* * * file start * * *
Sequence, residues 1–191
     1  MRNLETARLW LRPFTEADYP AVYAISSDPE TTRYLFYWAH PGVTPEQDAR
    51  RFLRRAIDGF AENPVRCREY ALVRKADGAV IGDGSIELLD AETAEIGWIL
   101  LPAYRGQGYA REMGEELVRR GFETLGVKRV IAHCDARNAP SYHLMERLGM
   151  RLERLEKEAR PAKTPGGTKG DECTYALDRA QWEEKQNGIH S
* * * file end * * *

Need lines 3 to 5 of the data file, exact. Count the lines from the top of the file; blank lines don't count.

    51  RFLRRAIDGF AENPVRCREY ALVRKADGAV IGDGSIELLD AETAEIGWIL
   101  LPAYRGQGYA REMGEELVRR GFETLGVKRV IAHCDARNAP SYHLMERLGM
   151  RLERLEKEAR PAKTPGGTKG DECTYALDRA QWEEKQNGIH S